Van Aken uses the IQ test in her work as a psychologist, but she’s also done some research on it. ‘I work as researcher and psychologist at the Vincent Van Gogh Centre (a GGZ institution in the Southern Netherlands, Eds.), where we mostly see people whose treatment has come to a standstill because it’s unclear what’s going on,’ she explains. ‘One of the things we usually do is run an intelligence test.’
For her research she compared the IQ test used by psychologists to other neuro-psychological tests, which look for example at a person’s ability to plan, or focus on a task.
LSD for your EQ
Another term that is often heard alongside IQ is EQ, emotional intelligence. Emotional intelligence measures how successful people are at recognising emotions in themselves and others, and how this translates to social success. In the 1950s, the term was sometimes used in dubious ways. For example, a German child psychologist wrote in 1966 that women who rejected the role of mother and housewife lacked emotional intelligence. His proposed remedy? LSD. The term EQ gained respectability after researchers John D. Mayer and Peter Salovey wrote a number of articles about it in the 1990s. However, researchers still debate how measurable EQ is. Many are convinced that a high IQ alone is no guarantee for success, and that a high EQ plays an important role in this context.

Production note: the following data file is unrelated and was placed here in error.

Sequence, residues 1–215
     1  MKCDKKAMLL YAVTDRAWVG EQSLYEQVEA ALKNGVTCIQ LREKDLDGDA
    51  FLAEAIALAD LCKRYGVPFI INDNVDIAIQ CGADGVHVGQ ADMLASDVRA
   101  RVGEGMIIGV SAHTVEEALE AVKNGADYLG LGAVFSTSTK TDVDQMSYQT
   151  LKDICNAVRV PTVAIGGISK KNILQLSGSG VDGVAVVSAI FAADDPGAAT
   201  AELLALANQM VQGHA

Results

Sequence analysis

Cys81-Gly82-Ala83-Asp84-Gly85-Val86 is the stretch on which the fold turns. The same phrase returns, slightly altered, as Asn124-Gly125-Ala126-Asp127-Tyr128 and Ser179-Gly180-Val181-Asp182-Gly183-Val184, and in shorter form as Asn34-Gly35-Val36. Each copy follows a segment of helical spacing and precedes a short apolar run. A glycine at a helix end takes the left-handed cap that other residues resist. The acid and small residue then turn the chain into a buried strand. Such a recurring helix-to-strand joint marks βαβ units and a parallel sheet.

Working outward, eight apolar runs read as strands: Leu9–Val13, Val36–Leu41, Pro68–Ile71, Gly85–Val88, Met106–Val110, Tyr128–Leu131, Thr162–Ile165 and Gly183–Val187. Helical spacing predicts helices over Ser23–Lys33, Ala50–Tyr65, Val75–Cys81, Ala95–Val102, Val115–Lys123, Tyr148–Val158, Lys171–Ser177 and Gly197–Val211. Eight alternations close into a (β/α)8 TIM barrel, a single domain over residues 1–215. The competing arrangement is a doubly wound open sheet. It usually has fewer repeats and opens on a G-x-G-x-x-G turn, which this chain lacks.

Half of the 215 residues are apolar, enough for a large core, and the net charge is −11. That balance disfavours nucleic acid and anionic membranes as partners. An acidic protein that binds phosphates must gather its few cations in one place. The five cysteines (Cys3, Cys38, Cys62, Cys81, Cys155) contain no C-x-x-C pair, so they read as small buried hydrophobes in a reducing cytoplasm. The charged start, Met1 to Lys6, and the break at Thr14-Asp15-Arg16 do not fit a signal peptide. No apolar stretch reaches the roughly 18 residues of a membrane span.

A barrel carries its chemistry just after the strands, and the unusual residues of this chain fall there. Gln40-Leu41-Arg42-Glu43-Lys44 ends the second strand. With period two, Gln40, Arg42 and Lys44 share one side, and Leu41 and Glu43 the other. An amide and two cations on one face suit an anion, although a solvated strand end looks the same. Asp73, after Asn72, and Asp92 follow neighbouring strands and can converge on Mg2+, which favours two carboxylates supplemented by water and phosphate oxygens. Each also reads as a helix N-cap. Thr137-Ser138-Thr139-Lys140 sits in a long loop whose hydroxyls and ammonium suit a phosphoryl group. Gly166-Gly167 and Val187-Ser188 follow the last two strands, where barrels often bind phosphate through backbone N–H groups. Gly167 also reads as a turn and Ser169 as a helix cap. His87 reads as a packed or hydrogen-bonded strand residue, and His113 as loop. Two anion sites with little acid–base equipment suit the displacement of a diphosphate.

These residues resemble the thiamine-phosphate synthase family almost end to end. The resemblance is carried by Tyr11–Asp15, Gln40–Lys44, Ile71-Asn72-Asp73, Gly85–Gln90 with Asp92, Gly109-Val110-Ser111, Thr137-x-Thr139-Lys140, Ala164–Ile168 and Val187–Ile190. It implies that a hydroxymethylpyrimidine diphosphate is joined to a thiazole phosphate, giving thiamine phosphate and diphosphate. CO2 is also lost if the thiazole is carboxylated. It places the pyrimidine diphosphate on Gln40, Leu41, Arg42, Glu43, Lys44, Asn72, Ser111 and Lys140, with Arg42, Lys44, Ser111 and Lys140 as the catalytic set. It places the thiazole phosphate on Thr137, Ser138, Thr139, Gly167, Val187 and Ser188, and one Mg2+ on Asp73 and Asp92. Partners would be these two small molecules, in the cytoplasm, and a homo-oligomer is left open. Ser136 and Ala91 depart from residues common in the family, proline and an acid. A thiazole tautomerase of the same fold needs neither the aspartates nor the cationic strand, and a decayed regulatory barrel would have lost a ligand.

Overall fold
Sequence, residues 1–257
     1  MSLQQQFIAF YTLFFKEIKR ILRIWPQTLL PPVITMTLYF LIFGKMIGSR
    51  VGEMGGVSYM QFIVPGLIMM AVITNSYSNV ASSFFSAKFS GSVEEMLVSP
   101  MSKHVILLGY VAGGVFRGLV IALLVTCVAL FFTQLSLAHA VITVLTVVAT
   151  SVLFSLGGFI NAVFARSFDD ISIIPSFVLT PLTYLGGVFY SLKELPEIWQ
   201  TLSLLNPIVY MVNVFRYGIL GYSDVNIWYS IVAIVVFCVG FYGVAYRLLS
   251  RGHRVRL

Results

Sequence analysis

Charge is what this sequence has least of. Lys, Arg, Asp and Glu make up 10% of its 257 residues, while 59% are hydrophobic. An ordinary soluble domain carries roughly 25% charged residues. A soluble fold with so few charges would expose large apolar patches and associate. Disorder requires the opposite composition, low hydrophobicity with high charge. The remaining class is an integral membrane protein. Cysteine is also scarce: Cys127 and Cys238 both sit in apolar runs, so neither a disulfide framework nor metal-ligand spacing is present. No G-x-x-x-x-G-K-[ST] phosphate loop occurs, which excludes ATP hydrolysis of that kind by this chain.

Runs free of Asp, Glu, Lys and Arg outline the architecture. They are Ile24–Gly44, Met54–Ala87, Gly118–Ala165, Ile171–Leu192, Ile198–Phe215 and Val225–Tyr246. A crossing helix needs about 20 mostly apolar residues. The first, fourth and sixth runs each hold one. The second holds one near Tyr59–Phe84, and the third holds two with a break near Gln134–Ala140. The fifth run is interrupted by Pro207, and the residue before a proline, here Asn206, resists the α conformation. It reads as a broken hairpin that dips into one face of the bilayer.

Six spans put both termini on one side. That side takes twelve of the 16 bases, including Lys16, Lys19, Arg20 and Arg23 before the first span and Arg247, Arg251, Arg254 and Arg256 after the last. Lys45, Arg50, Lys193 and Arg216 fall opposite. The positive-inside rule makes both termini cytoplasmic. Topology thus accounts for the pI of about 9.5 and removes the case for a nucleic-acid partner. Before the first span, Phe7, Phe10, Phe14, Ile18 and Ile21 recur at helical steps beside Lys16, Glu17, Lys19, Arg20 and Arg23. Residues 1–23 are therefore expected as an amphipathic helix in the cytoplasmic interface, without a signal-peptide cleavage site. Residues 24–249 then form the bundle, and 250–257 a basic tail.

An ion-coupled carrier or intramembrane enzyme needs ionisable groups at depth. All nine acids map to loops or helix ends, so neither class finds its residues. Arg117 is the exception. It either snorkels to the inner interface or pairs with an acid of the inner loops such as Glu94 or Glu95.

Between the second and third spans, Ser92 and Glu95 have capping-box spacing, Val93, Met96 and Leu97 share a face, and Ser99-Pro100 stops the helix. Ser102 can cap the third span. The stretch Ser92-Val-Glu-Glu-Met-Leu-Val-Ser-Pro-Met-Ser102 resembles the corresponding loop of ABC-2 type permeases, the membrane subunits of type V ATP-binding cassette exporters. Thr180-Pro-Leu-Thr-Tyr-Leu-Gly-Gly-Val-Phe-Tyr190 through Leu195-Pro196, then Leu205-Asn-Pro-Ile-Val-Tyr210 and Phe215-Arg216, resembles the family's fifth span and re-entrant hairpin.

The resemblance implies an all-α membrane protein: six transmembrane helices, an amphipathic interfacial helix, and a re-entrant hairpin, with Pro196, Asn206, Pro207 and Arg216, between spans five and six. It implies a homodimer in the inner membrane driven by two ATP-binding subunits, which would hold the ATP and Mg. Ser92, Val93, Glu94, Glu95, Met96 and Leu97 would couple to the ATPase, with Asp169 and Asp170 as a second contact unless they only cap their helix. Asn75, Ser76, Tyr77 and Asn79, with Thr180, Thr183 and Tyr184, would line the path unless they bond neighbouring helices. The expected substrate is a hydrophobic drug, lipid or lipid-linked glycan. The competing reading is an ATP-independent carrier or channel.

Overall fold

The IQ test says very little about a person’s thought processes, says Van Aken. ‘Take, for instance, a person who impulsively starts on a task, discovers his method isn’t working, starts again, and finally completes the task faultlessly. In some cases, this person would score as poorly as someone who fails to complete the task because he wasted too much time at the beginning. The test rewards those who work fast.’
Which is not to say the IQ test is useless, she says. ‘The test doesn’t pretend to measure more than it measures; it’s not a test for everything. IQ is not the same thing as intelligence, but it’s still the best tool we have for measuring the complex construct that is intelligence. It remains an estimate, though, so we always have to look beyond IQ scores. But despite all these limitations, the IQ test is much better at assessing intelligence than we are.’
Assistant professor Leon de Bruin agrees with Van Aken’s conclusion. He’s an expert in Philosophy of Mind and Cognition, a discipline that attempts to understand the human mind. ‘People are afraid of artificial intelligence taking over,’ he explains. ‘This fear is based on our belief that intelligence is separate from everything else: from emotion, from our body, from our environment. I don’t think that’s correct.’